Elizabeth Coggin Womack is associate professor of English at Penn State Brandywine, just outside Philadelphia. She has published work on Victorian literature, material culture, and urban poverty in journals including Victorian Literature and Culture, Nineteenth-Century Contexts, and Victorian Review. She was co-organizer of the postponed 2020 NCSA Conference, “Radicalism & Reform,” in Rochester, New York, now rescheduled for 2022.
What was your favorite discovery / serendipitous moment when conducting research on the nineteenth century? Oh, this one is so old, but I’ve never topped it. Over a decade ago, when I knew absolutely nothing, I was studying representations of pawnbroking as part of a larger study of the secondhand economy in literature. I learned that there had been a weekly trade magazine called the Pawnbroker’s Gazette. There was only one copy available in the US at Northwestern University. I had a little research money, so I decided to go give it a look. The archive turned out to be shut down for a portion of my trip, so I was forced to take a haphazard series of photos from a 40-year run and hope for the best. But when I looked over my materials more carefully, I realized I’d captured all these letters to the editor written by pawnbrokers who were deeply annoyed by their portrayal in fiction. Another thing I managed to capture was a short run of pro-pawnbroking serial fiction—at least some of which appeared to have been written specifically for the Pawnbroker’s Gazette. Anyway, it was delightfully funny to read and it really enriched the work that became my first article in Victorian Literature and Culture.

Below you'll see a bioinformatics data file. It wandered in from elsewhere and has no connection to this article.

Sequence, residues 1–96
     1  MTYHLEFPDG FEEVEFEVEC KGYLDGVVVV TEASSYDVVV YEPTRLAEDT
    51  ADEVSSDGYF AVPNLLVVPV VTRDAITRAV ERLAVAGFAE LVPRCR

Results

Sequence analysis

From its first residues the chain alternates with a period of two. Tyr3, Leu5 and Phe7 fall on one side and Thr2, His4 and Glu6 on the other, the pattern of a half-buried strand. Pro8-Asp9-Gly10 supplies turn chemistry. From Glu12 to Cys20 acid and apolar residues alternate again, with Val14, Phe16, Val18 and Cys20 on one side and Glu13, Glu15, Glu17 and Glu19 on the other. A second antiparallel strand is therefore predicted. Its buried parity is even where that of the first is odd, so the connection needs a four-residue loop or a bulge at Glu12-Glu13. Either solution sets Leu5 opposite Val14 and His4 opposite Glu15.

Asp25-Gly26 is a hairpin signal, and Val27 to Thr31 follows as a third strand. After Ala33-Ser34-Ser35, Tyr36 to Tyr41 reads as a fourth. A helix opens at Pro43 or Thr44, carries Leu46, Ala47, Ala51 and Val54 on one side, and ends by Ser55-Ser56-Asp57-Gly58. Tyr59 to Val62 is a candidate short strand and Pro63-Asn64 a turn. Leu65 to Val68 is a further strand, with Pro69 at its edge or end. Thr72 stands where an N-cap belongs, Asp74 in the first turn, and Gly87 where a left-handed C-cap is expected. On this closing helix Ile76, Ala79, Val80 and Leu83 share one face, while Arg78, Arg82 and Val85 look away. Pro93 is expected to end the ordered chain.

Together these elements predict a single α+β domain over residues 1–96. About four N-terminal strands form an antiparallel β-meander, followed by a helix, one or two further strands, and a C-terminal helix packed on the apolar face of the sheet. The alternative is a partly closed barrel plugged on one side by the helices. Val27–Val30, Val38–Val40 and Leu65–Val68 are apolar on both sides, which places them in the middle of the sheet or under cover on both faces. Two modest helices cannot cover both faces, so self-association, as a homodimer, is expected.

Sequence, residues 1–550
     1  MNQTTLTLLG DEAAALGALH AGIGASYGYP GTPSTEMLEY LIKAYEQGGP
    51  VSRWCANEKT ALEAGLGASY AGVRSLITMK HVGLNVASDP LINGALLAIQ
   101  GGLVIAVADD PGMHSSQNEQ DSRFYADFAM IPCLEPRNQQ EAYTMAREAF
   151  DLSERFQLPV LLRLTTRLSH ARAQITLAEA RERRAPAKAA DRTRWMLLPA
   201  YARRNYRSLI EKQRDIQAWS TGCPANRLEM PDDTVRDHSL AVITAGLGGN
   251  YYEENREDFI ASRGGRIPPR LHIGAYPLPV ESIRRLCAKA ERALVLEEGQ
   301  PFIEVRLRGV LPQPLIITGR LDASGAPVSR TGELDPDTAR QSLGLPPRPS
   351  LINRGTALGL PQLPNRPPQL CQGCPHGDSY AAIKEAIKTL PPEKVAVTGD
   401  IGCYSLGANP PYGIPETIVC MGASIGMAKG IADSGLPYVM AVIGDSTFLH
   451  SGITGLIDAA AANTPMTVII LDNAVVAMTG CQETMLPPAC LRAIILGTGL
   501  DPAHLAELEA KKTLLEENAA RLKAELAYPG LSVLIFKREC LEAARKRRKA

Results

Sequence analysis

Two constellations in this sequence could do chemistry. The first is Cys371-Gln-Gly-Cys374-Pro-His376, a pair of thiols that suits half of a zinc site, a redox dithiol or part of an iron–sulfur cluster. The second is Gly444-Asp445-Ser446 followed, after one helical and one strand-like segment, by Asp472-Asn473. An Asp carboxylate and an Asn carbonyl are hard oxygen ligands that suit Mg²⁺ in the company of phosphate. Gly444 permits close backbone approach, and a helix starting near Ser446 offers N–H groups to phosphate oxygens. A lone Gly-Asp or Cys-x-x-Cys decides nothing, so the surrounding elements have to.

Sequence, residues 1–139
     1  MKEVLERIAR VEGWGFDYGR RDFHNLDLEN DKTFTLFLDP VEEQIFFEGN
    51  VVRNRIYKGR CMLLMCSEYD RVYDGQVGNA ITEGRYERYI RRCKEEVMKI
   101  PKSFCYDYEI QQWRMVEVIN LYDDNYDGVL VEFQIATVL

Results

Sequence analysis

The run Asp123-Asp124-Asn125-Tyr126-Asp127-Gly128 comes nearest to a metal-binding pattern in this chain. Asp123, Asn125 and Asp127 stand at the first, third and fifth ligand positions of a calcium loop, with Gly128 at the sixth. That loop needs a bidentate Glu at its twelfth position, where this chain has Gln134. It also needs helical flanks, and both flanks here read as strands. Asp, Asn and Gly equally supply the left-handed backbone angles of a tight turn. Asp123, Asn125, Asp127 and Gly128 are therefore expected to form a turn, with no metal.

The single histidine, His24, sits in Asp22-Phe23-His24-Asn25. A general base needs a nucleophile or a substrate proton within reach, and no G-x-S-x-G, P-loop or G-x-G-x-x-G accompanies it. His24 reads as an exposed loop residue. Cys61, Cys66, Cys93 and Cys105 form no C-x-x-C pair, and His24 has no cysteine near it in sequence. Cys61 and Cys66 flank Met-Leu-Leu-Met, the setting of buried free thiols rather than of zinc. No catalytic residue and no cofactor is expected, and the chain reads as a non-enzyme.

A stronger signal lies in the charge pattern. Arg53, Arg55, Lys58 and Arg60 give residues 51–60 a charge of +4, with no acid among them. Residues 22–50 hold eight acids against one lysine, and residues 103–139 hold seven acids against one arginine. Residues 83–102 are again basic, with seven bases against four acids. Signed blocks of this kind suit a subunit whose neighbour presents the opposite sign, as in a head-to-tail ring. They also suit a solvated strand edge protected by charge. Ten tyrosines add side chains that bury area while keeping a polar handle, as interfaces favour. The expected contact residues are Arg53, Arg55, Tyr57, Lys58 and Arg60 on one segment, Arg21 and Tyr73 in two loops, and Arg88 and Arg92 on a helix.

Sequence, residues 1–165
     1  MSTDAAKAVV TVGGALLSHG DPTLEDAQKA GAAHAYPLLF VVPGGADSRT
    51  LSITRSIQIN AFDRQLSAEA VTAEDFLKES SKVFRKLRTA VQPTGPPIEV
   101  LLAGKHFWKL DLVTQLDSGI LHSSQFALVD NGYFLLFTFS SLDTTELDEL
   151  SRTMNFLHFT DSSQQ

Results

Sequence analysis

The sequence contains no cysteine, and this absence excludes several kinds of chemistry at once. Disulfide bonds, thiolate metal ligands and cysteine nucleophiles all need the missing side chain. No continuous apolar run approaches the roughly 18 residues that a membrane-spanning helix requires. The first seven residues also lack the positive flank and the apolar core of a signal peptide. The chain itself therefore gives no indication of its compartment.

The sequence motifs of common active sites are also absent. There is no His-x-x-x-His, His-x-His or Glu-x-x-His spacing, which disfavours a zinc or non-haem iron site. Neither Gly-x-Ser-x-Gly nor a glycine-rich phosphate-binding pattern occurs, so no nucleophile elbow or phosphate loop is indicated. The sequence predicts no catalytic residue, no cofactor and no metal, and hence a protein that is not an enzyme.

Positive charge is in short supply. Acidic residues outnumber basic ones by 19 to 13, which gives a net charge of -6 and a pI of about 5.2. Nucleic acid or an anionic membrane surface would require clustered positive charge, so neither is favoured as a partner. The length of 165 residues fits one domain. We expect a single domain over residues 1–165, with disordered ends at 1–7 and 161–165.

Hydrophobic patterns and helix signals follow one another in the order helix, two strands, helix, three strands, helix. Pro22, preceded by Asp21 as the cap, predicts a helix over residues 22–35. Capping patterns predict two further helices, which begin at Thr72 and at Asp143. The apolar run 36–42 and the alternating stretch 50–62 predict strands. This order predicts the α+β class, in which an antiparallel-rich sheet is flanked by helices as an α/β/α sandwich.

What is something you have learned in the last month about the nineteenth century? Thanks to Zoom kindergarten, I’ve lost all sense of time—not to mention actual time—so I can’t say I’ve learned anything new about the nineteenth century in the past month. However, in the past year I’ve been thinking quite a bit about psychic numbing, or compassion fatigue, which I’ve written about in the past and plan to consider more in the future. Surely this year we have all been transfixed by the inability of so many of our fellow Americans to take the simplest of personal precautions to prevent mass casualty. Consequently, I’ve been thinking more and more about writers like Samuel Taylor Coleridge, Charles Dickens, and others, who wrote angrily about their readers’ sympathy for one tragic fictional character even as they turned away from widely available statistics on slavery or urban poverty.